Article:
The Last Supper

We spent our very leisurely last morning at the Amboise camping municipal, including a last wander across the bridge over La Loire to pick up a baguette and some paté for lunch. Some form of historical event was happening in the adjacent field but we didn’t distract ourselves with that.

We hit the road at about midday for an unhurried drive up to Falaise, stopping for our lunch en route, where there is a camper van friendly parking area beneath the walls of William the Conqueror’s castle. From Falaise it would be about 45 minutes to the ferry port at Ouistreham.

Arriving at Falaise we found that the parking area was quite busy and some barriers had been put in place to cordon a small area off. We did find a parking spot, though. The cordoned off area held a small assembly of old tractors.

PXL_20230930_135141024-01The event that was going on was an autumn street fair. We’d been looking forward to a relaxing beer or two at a quiet little local bar in one square but the population of Falaise was milling about the squares and half the population of Falaise seemed to be in our quiet little bar. A band of jolly minstrels entertained them.

We wandered further and passed a couple of other bars – same story, no room at the inn. Curiously, with all this potential custom about, there were a number of would-be suitable establishments closed. Why miss out on this bonanza?

Back at the first square we found a street stall which had some trestle tables and beer. Excellent. We sat down to refresh. Francine had noticed something I’d missed, a sign offering “Andouillete et frites”. I’m a sucker for andouillete. Francine hates it. I resisted for a while but, as time marched on towards leaving for the ferry, I would be faced with a boring menu in the port or eating too late on the ferry. That did it, gimme some.

AndouilleteSo, what is an andouillette? Well, in simple terms it’s a chitterling/chitlin sausage. What this means is that, in essence, you mince up some pig’s guts [small intestines] and stuff it into … some pigs guts [a.k.a. a sausage skin]. So, pigs guts in pigs guts, then? Yes, absolutely, and in my opinion it’s very tasty and something that you simply don’t get in the UK. At a restaurant near the Dordogne, many years ago, I ordered andouillette and the waitress really didn’t want to serve it to me – “ze English do not like andouillette”. “Pas de problem”, I assured her, “je connais l’andouillette”.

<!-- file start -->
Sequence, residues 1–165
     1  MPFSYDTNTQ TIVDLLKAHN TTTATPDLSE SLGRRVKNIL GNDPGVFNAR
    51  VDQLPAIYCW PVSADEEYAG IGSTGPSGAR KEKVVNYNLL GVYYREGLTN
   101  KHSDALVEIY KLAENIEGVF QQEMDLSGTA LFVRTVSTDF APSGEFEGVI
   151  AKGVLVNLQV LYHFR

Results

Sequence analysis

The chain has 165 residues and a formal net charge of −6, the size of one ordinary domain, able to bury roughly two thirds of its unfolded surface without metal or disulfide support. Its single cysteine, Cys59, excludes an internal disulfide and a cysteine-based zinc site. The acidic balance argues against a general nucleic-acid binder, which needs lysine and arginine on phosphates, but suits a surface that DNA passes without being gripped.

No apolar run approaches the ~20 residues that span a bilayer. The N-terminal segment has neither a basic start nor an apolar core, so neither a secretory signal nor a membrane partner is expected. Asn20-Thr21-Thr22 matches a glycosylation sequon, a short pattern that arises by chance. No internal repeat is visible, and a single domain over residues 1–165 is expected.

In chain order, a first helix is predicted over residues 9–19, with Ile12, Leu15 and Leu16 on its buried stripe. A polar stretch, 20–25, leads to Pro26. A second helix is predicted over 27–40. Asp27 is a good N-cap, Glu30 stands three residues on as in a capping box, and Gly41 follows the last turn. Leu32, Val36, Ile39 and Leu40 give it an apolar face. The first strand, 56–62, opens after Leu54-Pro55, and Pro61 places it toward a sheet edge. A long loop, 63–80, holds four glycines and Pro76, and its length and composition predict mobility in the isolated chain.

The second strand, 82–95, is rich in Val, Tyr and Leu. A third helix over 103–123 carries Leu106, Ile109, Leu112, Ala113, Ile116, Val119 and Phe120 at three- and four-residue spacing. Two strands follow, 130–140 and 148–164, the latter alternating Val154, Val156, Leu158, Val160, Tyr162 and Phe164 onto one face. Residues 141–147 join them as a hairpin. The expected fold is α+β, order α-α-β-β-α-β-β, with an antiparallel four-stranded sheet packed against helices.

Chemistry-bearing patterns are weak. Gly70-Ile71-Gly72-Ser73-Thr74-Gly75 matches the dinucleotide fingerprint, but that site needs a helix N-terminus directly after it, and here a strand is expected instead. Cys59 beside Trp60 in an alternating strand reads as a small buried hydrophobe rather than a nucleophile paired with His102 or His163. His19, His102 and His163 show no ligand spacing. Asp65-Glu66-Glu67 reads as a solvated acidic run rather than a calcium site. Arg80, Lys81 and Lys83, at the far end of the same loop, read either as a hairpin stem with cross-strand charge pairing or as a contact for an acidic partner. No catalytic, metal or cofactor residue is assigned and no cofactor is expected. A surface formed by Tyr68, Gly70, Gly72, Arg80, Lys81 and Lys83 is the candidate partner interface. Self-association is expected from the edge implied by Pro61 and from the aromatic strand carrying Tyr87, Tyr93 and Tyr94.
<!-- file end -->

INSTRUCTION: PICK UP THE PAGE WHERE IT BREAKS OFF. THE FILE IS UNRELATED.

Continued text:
So, this was my last supper in France for 2023 before boarding our ferry home and very good it was too. I usually buy an andouillette and cook it myself but, because Francine doesn’t like it, it gets a bit difficult. This was probably the last of my French “must haves” for this year. I really need to make a list for next time and not leave it to the last minute. I have a new item to add to my list: crepinette, a kind of sausage meat wrapped in caul fat. The closest I could get in terms of translation was a faggot but how many Brits eat faggots these days? I did used to buy something in Spain called figatelle (sp?) which seemed faggot-like. “Pass me the snails, would you, please?”

Why are the British such wimps when it comes to food? I am constantly amazed at the stark change in availability of typical food stuffs that is occasioned by a national border. I half get it with a border like the English Channel but not the change over the Spanish-French border. Our typical shopping trolley in Spain contained very different items from that in France. Similarly, ‘t was different in Holland compared to France. Still, that’s the interest of travel, isn’t it?

So, that’s it for another year. Back on your heads.

Posted in 2023-09 France

Back to the Beginning

Devotees of the Scandi-drama, The Bridge, may remember the haunting theme tune, Hollow Talk, which finishes on the line, “goes back to the beginning”. If you aren’t a devotee, then I recommend that you become one and watch it.

Going back to the beginning is what we’re doing. We spent the first night of this trip at Amboise and we have returned to it now for our final two nights. The reasoning is fairly simple: we needed a campsite that is still open at the end of September, within striking distance of the ferry at Ouistreham. Since Friday is one of two market days in Amboise, we could get one last dose of French market fun on Friday before completing our journey home which, courtesy of the idyll of Hérisson, I now don’t want to do. Night #1 at Le-Puy-en-Velay was a blip.

PXL_20230902_130538569-01The site at Amboise is also a camping municipal but it’s a very big one with over 400 pitches. It is perfectly situated to walk into town and to the market. This time we went for an open, sunny pitch instead of a shaded one. We most likely won’t be seeing the sun very much after this.

The evening was exceptionally still with hardly a breath of wind. Whilst sitting and making sure that I could still get my swallowing coordination wrong choking on another can of beer, I heard a mechanical noise. The noise was pretty constant and unmoving. It sounded like a fan. “Ah ah”, I thought, “I think I know what that is.

OLYMPUS DIGITAL CAMERASure enough, after a few minutes the envelope of a hot air balloon appeared behind the trees to the rear of the campsite. The fan is used to inflate the balloon before the gas burners are ignited to create lift. Soon, the gas burner roared and the balloon lifted off. There were actually three other balloons much higher floating silently above us.